Midlake - Biography
BY Marcus Kagler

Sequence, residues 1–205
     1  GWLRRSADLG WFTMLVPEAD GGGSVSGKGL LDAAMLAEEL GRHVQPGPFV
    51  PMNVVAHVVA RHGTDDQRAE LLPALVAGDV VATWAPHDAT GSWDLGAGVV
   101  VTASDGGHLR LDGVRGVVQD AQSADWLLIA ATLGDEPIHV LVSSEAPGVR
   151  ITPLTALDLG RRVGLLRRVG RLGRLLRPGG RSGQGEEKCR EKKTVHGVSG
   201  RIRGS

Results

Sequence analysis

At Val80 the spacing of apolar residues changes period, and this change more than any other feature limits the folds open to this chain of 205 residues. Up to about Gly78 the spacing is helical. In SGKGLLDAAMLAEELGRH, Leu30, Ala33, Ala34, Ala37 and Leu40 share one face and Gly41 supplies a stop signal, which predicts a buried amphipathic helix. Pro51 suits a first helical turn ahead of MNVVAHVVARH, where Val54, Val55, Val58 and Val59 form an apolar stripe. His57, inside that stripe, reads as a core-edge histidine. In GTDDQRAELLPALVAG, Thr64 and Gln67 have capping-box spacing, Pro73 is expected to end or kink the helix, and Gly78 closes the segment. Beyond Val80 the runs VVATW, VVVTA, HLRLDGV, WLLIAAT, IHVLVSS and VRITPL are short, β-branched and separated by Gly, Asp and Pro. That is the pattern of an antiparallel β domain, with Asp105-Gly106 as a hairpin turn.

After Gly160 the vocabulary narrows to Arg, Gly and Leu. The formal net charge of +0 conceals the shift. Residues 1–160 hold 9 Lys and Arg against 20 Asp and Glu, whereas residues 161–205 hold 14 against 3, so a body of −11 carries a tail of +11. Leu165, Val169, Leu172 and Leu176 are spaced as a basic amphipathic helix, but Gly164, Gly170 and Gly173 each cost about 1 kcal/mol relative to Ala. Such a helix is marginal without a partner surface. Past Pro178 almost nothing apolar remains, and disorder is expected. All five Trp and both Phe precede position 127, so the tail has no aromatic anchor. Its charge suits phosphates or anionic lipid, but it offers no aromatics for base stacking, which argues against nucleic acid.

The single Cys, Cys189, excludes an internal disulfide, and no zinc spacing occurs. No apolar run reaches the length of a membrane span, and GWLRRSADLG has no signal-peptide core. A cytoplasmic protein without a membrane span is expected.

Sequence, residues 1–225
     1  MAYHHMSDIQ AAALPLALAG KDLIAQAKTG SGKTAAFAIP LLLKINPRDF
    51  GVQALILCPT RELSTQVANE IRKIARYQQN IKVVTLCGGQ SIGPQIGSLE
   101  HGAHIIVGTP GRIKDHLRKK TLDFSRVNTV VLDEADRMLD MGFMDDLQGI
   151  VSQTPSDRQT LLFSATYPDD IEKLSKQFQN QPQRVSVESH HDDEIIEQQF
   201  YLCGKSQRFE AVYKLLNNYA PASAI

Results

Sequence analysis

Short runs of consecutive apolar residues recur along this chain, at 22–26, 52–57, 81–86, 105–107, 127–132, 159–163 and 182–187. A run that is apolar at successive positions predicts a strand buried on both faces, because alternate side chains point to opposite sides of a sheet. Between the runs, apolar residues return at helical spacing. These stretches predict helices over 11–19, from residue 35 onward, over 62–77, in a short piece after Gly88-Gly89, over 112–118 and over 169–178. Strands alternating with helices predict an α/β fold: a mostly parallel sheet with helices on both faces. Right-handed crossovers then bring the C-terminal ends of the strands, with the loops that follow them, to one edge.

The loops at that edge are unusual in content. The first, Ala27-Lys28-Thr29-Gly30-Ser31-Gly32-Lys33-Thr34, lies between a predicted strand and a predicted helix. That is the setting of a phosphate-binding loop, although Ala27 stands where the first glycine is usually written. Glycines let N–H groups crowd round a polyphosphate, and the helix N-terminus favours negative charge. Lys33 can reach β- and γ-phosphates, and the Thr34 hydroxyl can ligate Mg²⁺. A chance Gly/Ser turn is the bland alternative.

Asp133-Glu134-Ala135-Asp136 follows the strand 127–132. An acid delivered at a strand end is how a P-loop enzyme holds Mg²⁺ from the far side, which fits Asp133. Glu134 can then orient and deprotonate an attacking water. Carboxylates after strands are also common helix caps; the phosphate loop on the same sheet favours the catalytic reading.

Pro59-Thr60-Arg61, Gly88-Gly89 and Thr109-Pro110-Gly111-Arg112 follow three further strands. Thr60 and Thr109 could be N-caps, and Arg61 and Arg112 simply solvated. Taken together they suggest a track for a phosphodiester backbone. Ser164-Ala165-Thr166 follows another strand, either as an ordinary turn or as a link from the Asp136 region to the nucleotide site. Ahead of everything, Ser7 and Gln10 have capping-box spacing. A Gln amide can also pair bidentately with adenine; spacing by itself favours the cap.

While their post millennial indie contemporaries were content with plundering the legacies of 80’s alternative artists, Midlake took a different tack and found inspiration in 70’s icon Fleetwood Mac and the Laurel Canyon sound. Founded in 1999 by vocalist and principal songwriter Tim Smith the original line-up also featured fellow University of North Texas jazz students McKenzie Smith (drums), Paul Alexander (bass), Eric Nichelson (guitars), and Evan Jacobs (keyboards). Originally working under the moniker The Cornbread All-Stars the band started as a jazz/funk ensemble with Smith taking up vocal and saxophone duties. A short time later Smith abandoned the saxophone and began composing songs that fell somewhere between the progressive folk of Jethro Tull and the lo-fi sonic explorations of Grandaddy. Jacobs left the group shortly after their sonic transition and the band added guitarist Jason Upshaw with Nichelson switching to keyboards. Just before the release of their debut ep, Milkmaid Grand Army (2001 Basement Front) Upshaw left the group and Midlake solidified their line-up with the addition of guitarist Eric Pulido. The quintet’s debut full length, Bamnan and Silvercork (2004 Bella Union) was self produced and recorded in Denton with the sole intention of making the material sound as lo-fi as possible. Although it wasn’t a huge hit, the album did catch the ear of actor Jason Lee, who directed the video for the track “Balloon Maker”. On the cusp of indie success, the band spent the next year honing their sound and writing material for their next album. Packed with complex song structures, gentle harmonies, and melancholy woodwinds and strings The Trials of Van Occupanther (2006 Bella Union) showcased a remarkable progression into a unique amalgam of 70’s folk and indie rock experimentalism. The album was an instant critical darling, catapulting Midlake into one of the biggest buzz bands of the year. The band is currently self-recording their third full length, The Courage of Others, which Smith has described as “darker” than previous material.